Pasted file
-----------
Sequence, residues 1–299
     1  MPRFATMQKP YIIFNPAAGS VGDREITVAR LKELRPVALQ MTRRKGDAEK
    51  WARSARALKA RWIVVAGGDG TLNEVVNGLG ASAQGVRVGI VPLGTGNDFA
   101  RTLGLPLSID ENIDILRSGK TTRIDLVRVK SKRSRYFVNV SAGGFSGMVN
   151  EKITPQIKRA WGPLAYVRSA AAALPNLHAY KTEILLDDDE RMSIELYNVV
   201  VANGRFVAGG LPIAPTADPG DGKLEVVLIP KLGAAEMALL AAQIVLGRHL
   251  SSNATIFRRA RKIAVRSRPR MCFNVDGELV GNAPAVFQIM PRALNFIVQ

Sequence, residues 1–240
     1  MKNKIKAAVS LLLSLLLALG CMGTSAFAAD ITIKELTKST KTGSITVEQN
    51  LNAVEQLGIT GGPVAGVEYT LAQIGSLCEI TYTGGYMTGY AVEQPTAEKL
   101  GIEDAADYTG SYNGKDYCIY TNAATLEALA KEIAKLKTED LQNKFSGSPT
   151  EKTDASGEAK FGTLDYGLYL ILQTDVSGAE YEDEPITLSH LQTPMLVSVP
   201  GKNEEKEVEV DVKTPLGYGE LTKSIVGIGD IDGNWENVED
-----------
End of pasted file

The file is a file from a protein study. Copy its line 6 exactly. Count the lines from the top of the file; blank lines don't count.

   201  VANGRFVAGG LPIAPTADPG DGKLEVVLIP KLGAAEMALL AAQIVLGRHL